Wednesday, December 17, 2008

Low Tide: Starfish



A friend and I went down to the beach late the other night for one of the big low tides of the season. Fortunately her headlamp was strong, because mine was in real need of a battery change - I kept forgetting I even had it turned on because it didn't make much of a difference unless I was holding something a few inches from my face.

We saw quite a bit of cool and pretty things. I may post one or two more later on. A friend suggested this intertidal website for identification purposes. I'm not convinced that what I have pictures of are necessarily the same exact species (and I think some of the species I took pictures of are not on that website), but it seems like a pretty cool resource.

One thing I notice about these starfish is that they have a larger white spot just off center. If I had only seen one of these starfish I probably would have assumed that it was just a random spot, but it seems to be on all of this sort of starfish. I wonder what it is?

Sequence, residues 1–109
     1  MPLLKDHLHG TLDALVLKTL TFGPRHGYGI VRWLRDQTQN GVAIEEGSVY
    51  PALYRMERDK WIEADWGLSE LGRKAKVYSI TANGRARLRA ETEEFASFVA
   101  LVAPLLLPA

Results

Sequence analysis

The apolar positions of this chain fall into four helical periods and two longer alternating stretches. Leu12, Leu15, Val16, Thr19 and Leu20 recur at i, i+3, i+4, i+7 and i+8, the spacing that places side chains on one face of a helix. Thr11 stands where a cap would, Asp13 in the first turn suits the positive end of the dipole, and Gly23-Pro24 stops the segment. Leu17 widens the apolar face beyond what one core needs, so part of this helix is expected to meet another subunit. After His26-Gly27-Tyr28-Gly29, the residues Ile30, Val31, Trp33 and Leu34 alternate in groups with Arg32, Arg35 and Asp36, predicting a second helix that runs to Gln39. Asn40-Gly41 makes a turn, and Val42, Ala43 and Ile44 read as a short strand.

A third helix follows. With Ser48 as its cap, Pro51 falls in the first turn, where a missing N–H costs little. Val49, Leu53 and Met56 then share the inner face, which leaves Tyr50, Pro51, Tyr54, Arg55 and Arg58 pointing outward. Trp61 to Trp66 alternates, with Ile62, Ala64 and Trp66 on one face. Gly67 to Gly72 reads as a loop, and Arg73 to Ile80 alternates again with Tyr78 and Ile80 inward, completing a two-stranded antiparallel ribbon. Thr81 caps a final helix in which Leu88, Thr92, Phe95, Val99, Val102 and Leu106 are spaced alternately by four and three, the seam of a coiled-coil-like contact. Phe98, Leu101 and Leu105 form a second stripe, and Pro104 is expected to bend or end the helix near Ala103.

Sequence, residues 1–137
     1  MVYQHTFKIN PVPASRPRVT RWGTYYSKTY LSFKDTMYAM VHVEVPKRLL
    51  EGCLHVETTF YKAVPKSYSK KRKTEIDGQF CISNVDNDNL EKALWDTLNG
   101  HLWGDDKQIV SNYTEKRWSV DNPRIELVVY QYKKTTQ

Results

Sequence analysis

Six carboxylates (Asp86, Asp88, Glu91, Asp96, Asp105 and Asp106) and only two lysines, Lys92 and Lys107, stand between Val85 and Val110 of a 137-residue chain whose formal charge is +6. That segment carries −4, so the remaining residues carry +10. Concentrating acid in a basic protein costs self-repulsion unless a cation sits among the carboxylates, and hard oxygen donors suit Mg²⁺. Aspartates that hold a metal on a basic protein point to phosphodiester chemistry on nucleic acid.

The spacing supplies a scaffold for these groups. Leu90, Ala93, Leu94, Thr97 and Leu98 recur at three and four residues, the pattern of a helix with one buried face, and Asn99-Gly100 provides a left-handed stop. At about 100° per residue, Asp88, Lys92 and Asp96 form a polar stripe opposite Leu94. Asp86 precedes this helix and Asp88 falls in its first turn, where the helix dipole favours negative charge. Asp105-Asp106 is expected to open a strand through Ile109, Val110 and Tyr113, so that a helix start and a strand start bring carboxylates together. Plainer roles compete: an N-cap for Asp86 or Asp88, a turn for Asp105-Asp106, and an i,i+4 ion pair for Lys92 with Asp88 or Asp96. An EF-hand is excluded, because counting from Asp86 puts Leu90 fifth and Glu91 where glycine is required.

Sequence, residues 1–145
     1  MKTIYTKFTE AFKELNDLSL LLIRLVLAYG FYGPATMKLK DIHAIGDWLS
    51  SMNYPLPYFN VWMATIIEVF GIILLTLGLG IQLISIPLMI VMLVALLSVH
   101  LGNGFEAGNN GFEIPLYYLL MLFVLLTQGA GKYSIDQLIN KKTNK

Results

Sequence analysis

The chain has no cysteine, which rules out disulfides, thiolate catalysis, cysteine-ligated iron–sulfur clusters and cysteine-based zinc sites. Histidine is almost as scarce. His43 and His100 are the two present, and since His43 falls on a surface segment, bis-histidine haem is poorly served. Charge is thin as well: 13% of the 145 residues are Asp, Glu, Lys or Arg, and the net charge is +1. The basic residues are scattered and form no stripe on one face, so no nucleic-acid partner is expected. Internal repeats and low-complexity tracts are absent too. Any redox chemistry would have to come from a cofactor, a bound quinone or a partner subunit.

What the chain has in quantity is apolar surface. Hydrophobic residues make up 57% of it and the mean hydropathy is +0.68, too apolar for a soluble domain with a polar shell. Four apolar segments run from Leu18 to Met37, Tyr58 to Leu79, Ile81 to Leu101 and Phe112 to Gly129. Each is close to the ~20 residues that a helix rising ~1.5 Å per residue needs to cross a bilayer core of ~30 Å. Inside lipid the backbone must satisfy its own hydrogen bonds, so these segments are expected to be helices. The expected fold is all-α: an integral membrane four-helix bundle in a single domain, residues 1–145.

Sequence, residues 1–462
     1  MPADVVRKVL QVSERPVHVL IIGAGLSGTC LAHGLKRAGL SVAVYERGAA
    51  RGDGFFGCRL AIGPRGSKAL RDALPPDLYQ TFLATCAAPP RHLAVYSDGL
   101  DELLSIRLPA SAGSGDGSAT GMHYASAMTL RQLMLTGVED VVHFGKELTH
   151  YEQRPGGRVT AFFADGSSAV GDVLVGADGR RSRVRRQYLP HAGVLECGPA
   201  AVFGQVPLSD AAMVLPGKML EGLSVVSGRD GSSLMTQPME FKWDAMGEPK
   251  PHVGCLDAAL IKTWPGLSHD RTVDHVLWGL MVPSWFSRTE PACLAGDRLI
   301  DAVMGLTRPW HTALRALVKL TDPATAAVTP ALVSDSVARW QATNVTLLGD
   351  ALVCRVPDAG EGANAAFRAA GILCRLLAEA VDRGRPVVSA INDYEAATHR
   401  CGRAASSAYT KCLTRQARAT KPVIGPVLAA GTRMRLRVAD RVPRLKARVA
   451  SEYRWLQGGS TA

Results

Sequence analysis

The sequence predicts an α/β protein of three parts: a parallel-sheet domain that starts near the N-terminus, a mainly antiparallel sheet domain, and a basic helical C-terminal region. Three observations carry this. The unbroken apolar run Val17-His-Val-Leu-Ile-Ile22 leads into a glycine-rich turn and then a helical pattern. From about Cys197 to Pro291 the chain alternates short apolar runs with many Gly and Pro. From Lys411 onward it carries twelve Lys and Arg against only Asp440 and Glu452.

3 comments:

Kitty said...

Nice photo. Don't know why I never think to go tide pooling in the winter, thanks for the idea.
The white spot is called a adreporite. It is the filter/entrance to the water vascular system.

Jonathan said...

Thanks, Kitty. It's nice to have biologist friends :).

From what I could find I think you meant to have an 'm' in front for madredporite.

Do you know how starfish manage to reproduce by fragmentation? From what I've read/heard the legs can produce another starfish if they contain part of the central disk, but what if they don't have the madreporite, or stomach, or etc.? How do they manage until they build new ones?

Kitty said...

I never could type, yes, I lost the "m" somewhere.
I asked a friend who specializes in invertebrates because I didn't really have a very good answer to your question. He confirmed that they can regenerate with even the tiniest bit of central disk, but don't seem to require an intact vascular (or any other) system. He does wonder how often regeneration happens from such extreme losses. He said that even a 1/2" piece of leg can move around. I'm thinking that the vascular system must seal itself off somehow. Echinoderms do have freely circulating immune cells that probably are important in wound repair and regeneration.